Companies in developed markets and in the advanced sectors of developing markets are embedding their product and service offerings in  tangible programs of social and environment improvement. Starbucks has pioneered cup recycling; Subway is a QSR leader in the cause of anti-obesity. PetSmart has performed great service for animal welfare. Many other companies have followed suit, like the wilderness protection programs of Timberland; the fair wage policy of Patagonia; and the renewable energy products of GE. Their purpose is to show the social benefit of their products and services to the better the health, diversity, human and animal rights, environment, education, and general well being of society. They are marketing their products and services to do good for society, and increasing their profits by doing this.

As quality differentiation in the marketplace has flattened; as business scale has achieved cost and pricing flexibility; as distribution has become universally accessible; and as promotion has becomes ubiquitous, social value has emerged a the new frontier of competitive advantage. Research has shown that all 4Ps being equal, customers will select the alternative that they sincerely believe is doing more good for society.

There a basically six ways that companies are demonstrating their product, service and corporate social value, as documented in GOOD WORKS, by Philip Kotler, David Hesekiel and Nancy Lee (2012, Wiley): 1) Taking actions that promote a good Cause; 2) Enabling consumer contributions to Causes based on product sales; 3) Marketing new products and services that motivate and support positive personal and social behavior change; 4) Making direct donations to a Cause; 5) Employee volunteering in Causes and communities; and 6) Adopting socially responsible business practices.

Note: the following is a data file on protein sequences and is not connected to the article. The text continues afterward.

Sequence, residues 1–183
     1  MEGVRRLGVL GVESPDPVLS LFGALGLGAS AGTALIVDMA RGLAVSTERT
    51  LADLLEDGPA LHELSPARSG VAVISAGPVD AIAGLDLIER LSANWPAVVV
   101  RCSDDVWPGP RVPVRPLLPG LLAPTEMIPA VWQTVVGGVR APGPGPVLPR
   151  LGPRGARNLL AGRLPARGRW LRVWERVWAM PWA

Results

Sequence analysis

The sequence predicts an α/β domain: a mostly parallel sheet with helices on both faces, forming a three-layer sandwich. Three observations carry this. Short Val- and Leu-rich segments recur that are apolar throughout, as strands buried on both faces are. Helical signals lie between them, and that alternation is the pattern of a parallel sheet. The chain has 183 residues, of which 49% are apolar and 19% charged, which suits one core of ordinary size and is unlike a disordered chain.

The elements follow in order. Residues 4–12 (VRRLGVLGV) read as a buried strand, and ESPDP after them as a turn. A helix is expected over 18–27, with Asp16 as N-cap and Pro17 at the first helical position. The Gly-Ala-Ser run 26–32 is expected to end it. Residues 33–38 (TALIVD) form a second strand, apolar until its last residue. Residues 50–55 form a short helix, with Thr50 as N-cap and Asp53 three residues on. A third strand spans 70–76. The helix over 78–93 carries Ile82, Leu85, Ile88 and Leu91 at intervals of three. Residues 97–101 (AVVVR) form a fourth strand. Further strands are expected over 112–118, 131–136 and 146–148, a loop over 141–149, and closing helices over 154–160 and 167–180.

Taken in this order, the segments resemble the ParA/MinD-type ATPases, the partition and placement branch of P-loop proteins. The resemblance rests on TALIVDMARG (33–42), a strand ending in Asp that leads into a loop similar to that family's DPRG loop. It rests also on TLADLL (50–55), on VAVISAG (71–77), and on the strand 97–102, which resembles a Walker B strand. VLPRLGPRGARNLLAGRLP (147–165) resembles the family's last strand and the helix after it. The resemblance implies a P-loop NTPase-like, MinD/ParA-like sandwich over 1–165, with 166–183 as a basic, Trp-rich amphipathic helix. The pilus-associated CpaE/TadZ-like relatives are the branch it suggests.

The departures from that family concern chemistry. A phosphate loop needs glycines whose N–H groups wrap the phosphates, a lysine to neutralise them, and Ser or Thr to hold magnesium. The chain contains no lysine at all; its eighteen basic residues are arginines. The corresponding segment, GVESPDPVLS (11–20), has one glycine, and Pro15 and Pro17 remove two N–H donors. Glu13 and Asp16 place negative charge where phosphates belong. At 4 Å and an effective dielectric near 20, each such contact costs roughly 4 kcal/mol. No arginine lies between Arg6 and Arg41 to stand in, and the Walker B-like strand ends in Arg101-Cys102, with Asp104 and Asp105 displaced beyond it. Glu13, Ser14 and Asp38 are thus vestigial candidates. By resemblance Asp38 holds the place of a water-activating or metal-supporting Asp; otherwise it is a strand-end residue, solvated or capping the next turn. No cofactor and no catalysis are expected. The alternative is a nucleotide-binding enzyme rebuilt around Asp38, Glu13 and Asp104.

A few cases will suffice to illustrate this trend: Starbucks, PetSmart and Subway.  

Starbucks:  On the Cause awareness and action front, Starbucks provides attractive cup recycling containers and sponsors cup summits of manufacturers, materials suppliers, retailers and academic groups to explore new systems of cup recycling. For Cause related marketing, Starbucks contributes 5 cents for each bottle they sell of Ethos brand water to the Ethos Water Fund for projects in water stressed countries. In 2011, the Fund contributed $6 million to projects around the world. For corporate social marketing, Starbucks gives customers free bags of coffee grounds for organic composting, instead of using artificial fertilizer. For corporate donations, Starbucks gave $22.4 million in cash and kind for community building projects programs in 2010. With regard to volunteer service, Starbucks hosted in 2011 a global month of community service, supporting its employees to take positive actions to make a positive difference in their communities. With respect to socially responsible business practices, Starbucks is committed to the goal of buildings all new company owned stores according to environmentally sustainable LEED standards.

Subway: Some companies focus their responsibility on one or several of the six paths of responsibility. Subway’s corporate social marketing strategy to fight obesity has led it to a pledge to offer 50 percent of its six inch sandwiches at a 400 calories cap. This is a benchmark social marketing challenge to the entre QSR industry to attack obesity. Can McDonald’s meet this challenge?